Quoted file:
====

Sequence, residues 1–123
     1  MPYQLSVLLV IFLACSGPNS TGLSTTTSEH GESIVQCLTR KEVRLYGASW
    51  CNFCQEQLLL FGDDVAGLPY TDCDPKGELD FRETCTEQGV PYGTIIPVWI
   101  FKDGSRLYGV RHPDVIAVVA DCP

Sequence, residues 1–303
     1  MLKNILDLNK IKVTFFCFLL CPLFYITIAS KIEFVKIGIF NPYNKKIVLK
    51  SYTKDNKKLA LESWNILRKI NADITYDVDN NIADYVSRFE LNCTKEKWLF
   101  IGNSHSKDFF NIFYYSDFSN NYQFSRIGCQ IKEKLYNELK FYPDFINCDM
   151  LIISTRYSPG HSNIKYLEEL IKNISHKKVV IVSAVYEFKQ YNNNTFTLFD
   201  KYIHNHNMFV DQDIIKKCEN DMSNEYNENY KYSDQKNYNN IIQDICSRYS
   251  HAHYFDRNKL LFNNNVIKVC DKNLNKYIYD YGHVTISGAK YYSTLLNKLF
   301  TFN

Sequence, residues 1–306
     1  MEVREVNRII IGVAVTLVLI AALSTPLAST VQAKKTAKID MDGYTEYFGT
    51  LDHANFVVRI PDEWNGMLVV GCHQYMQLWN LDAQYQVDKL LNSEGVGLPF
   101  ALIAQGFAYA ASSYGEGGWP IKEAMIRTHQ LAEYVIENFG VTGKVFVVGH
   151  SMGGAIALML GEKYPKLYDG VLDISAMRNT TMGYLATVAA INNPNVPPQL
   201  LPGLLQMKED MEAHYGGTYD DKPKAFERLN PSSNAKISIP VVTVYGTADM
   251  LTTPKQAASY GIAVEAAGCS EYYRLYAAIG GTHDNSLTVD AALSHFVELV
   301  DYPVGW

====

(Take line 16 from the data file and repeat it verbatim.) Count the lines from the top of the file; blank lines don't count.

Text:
   101  ALIAQGFAYA ASSYGEGGWP IKEAMIRTHQ LAEYVIENFG VTGKVFVVGH